Position is located in Greensboro NC or Richmond VA.

    -Daniel
     
  22. chaa

    chaa F1 Veteran

    Mar 21, 2003
    5,058
    I know nothing about IT but in the UK alot of pros in all fields from lab tecnisions to lawers and IT tecs are being retrained as ..................Plumbers, beleve it or not.In the Uk at the moment there is a shortage of plumbers, they can earn hundreds and thousands of pounds and basicly name there own price. People in top jobs are being retrained. Very strange but true, 10 years agon it was IT now it Plumbers who are king.
     
  23. Tyler

    Tyler F1 Rookie

    Dec 19, 2001
    4,274
    dusty old farm town
    Full Name:
    Tyler

    LOL, doesn't shock me at all. you can't outsource your plumber or your electrician or several of the trades. Funny you mention plumbing though. I've got a friend who was a programmer, became dissatisfied years ago and became a plumber. Now, most of his friends who stayed in IT are worried sick about losing their jobs, while he is hiring this year. He's got a good business, a dozen employees and makes significantly more than he did when he was a programmer.

    Life is funny sometimes.
     
  24. DMC

    DMC Formula 3

    Nov 15, 2002
    2,360
    WI/IL
    Full Name:
    Dean
    Mozi makes some good points.

    Most of the jobs that will stay local will be things like Network, Windows, or Unix admin work.

    I've done Network and Windows admin work for the last 12 years, and have been doing messaging work for the last 5 years or so (Microsoft Exchange migrations). In this (geographic) area, Active Directory is finally catching on, and there is a real demand for people with those skills. I've found that 9 out of 10 people that think they know AD really don't.

    Another big area is network security and infrastructure. Some of the busiest guys I know are doing VIOP, firewalls, and network intrusion detection.

    So there are still opportunites out there. Just not in programming.
     
  25. mfennell70

    mfennell70 Formula Junior

    Nov 3, 2003
    564
    Middletown, NJ
    Oh, I believe it. I have had to practically beg to get someone to come out and take 6 or 7 thousand dollars from me to replace a sewage ejection system. I am not kidding when I tell you I've been trying off and on for 4 years to get this thing replaced.

    Right now, i finally have someone who deigned to take $3200 worth of deposit. His call-return-rate is about 25% but he did actually come to the house and (eventually) offer up an estimate. I still don't have a firm date for installation. It will take one day and he'll clear about $2500.

    I am convinced that anyone with a tiny sliver of business acumen can become wealthy as a plumber who actually returns phone calls and simply does the work he promises to do.

    Of course, in two years the UK will be flooded with plumbers and it will be a poor profession over there. :)
     
  26. chaa

    chaa F1 Veteran

    Mar 21, 2003
    5,058
    A few months back there was a thread that asked, would you hire a builder who came to price up a job in a ferrari,............how about a plumber!
     
  27. tjacoby

    tjacoby F1 Rookie

    Nov 1, 2003
    2,856
    Vancouver Canada
    Full Name:
    tj
    We're having good success with IT Networking. But the double whammy of Y2K and "awareness" of e-commerce (being polite here) is certainly disappeared. We'll never see those days again. I keep telling our guys that it's back to 1995 again for IT. But many customers are making excellent coin off of their IT infrastructure, and are willing to invest with the right partner's.

    I agree with the comments below - being a real expert in something of value is a good place to be. It could be AD (and yes - maybe 10% are competent), databases, high-end servers, Network Security (pretty well all networking is security now), IP Communications (either Voice over IP and/or Video over IP), and a host of others. In fact, come to think of it - the 10% rule applies to pretty well any industry.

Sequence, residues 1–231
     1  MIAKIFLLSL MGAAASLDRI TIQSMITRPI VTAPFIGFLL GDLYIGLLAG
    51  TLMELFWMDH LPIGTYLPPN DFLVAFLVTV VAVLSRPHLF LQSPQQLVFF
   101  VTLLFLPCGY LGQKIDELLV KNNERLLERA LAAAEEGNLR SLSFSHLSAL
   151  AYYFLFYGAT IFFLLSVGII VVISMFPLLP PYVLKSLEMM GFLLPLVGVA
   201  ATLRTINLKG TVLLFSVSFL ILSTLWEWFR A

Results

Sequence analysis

If IT really turns your crank you can be successful at it and have fun. If you just like building your home pc and network to fool around it may not be a great place to be.

    I'm not worried about the India outsourcing trend, 90% of what we do has to be local - like a plumber or electrician. Fortune 500 guys can outsource to anyone anywhere, and have been for a while, but the sweet spot is the 500 desktops and under customers that value local relationships.

    I could be wrong, but so far so good.
     
  28. sduke

    sduke Formula Junior

    Mar 10, 2003
    825
    The Hub City, Texas
    Full Name:
    Steven D
    A big thanks to all that replied. I knew that F-Chat was a great place to get input. This is one of the best boards on the web. I think the part that a lot of people overlook is that Ferrari owners tend to be successful. They are good at what they do, and are compensated at a level above most other folks. If I were to ask this same question at the Mustang, Honda, or Camaro board the answers often come from folks that work at McDonalds or live with mom and dad.

    As for my plight, I am just as confused as ever. I would like to change careers. The girls are leaving for college, and I haven't enjoyed fixing cars for a long time. I could go back to college, but I don't feel like going back to college for several years just to get another JOB, is the answer. I would like to open a business of my own, but I have no idea what I want to be when I grow up. HAHA.

    I just feel trapped by my own inertia. My company loves me. I make more money than 99% of all the technicians at all dealerships in the city. I am the only Master Diagnostic Toyota Tech for 300 miles. With all that, I still can't stand my job. Seems pretty selfish of me, but what the hell, it's true.

    I guess I will stay for now and try to figue out what I CAN do. I am afraid I was looking at IT the same way I looked at auto mechanics. I enjoyed building my street and race cars and assumed I would enjoy doing it every day, all day. I enjoy working with computers so.........

    I wish I had a clue about what I should do.

    Thanks again everyone.